Achieving Some Milestones
Afghanistan is already making progress and achieving some milestones as world class deposits of Aynak (copper), Hajigak (iron ore), Sherbegon (gas) and other potential discoveries, through new exploration in the Afghan/Tajik basin, offer important opportunities for bringing much needed investment into the country. Some of these achievements include:
In 2006/2007, the government launched the first tender for the Aynak copper deposit. The award was granted to the MCC-Jiangxi Copper MJAM consortium. The scoring of the bids has been made public and the investment agreement has been independently reviewed and is highly favorable to the government. MJAM is currently conducting a feasibility study for developing the deposit.
The World Bank provided technical assistance for the tender of the Aynak copper deposit under the Technical Assistance and Feasibility Study facility and the IDA-financed US$30 million Sustainable Development of Natural Resources Project (SDNRP).On June 11, 2009, the Bank approved additional financing of US$10 million for the SDNRP.
In 2010, the government has initiated the tender of the Hajigak iron ore deposit, one of the largest undeveloped iron ore resources in the world. Technical assistance is being provided by the World Bank, UK’s DFID and US AID. Investors will be invited to submit tenders for the development of this deposit before the end of the year.
Potential For More Jobs
Aynak and Hajigak would be, by a wide margin, the two largest investments in the history of Afghanistan. In addition to the US$2-3 billion for the mine developments, each mine would require investment in ancillary infrastructure in the order of US$2-5 billion.
A low-impact scenario, based on prevailing market conditions, projects the creation of more than 90,000 jobs, and approximately $500 million in fiscal revenues seven years hence. The contribution of the mines will also go far beyond their direct impacts on income, employment, fiscal revenues and the balance of payments as mines have spin-off effects in terms of providing contracts for numerous small businesses and services which provide the mine.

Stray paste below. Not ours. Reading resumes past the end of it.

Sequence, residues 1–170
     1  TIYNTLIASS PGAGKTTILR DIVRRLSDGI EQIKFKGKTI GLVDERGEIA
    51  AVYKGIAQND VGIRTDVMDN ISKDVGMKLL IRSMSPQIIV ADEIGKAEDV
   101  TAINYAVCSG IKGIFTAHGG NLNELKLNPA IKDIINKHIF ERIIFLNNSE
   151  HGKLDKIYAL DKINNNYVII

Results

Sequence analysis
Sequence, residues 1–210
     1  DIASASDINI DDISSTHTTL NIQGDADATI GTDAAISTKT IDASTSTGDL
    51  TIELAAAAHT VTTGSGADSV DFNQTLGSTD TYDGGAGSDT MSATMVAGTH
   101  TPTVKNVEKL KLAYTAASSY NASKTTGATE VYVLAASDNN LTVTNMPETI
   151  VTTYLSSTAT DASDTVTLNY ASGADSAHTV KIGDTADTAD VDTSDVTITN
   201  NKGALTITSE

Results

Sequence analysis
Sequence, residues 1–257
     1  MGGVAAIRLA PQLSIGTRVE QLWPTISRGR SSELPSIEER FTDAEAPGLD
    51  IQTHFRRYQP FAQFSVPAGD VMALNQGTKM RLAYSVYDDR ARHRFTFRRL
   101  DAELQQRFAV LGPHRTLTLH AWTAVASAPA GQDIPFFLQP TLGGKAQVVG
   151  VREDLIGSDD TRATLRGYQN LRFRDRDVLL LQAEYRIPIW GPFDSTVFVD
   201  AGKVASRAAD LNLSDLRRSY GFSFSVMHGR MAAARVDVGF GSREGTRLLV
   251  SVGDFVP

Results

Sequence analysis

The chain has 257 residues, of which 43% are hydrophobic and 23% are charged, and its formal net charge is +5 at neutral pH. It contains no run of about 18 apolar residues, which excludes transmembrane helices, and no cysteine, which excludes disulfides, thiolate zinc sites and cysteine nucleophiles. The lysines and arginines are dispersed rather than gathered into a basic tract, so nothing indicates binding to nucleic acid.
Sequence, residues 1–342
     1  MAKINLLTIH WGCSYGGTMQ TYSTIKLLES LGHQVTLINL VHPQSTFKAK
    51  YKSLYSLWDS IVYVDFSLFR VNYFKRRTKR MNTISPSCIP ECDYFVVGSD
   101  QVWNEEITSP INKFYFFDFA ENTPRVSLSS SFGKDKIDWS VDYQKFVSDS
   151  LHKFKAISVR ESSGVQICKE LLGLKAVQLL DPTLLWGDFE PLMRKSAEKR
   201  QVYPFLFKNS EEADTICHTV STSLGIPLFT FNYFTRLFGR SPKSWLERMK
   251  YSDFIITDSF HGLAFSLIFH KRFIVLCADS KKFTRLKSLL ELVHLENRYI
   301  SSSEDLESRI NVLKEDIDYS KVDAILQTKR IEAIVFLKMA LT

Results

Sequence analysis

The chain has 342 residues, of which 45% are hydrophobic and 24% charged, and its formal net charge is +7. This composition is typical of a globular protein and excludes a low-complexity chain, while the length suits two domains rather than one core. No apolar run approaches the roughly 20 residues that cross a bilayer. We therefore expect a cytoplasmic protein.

The Afghan government has also endorsed the principles of the Extractive Industries Transparency Initiative and has been designated by the Oslo-based secretariat of the EITI as a “candidate” country. Adherence to the standards of EITI will be also codified in the national legislation.
Finally, the government has made important progress on various fronts regarding the implementation of relevant regulatory reforms, accompanied with the respective capacity building, which should enable the environment for more potential investments.
Afghanistan's Challenges and Progress
- A Mining Law that strengthens the role of the state as “regulator” and aims to attract and retain private investment.
- Mining regulations, under preparation, will strengthen the permit issuing process and provide for a schedule of royalties on minerals production.
- The Ministry of Mines is procuring an international engineering firm to monitor contractual and regulatory compliance, including environmental/social standards.
- A team of experts is advising on a new business plan that will help streamline the Ministry of Mines and make it better equipped to regulate the sector.
- An expert team is assisting the Ministry of Mines in the establishment of a cadastre department to oversee and register issuance and maintenance of various mining titles.
- Training and equipment is also being provided to the Department of Mines Inspection and the Afghanistan Geological Survey.
- Afghanistan has now an environmental law with requirements on the preparation and approval of Environmental Impact Assessments and Social Impact Assessments.
- The Ministry of Mines and the Ministry of Finance have developed a competitive taxation and fiscal package for mining sector investments.